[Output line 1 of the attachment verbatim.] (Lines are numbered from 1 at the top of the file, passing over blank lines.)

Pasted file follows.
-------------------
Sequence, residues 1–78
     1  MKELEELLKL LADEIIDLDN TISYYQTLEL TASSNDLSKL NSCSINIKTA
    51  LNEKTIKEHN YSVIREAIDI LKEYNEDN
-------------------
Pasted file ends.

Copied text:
Sequence, residues 1–78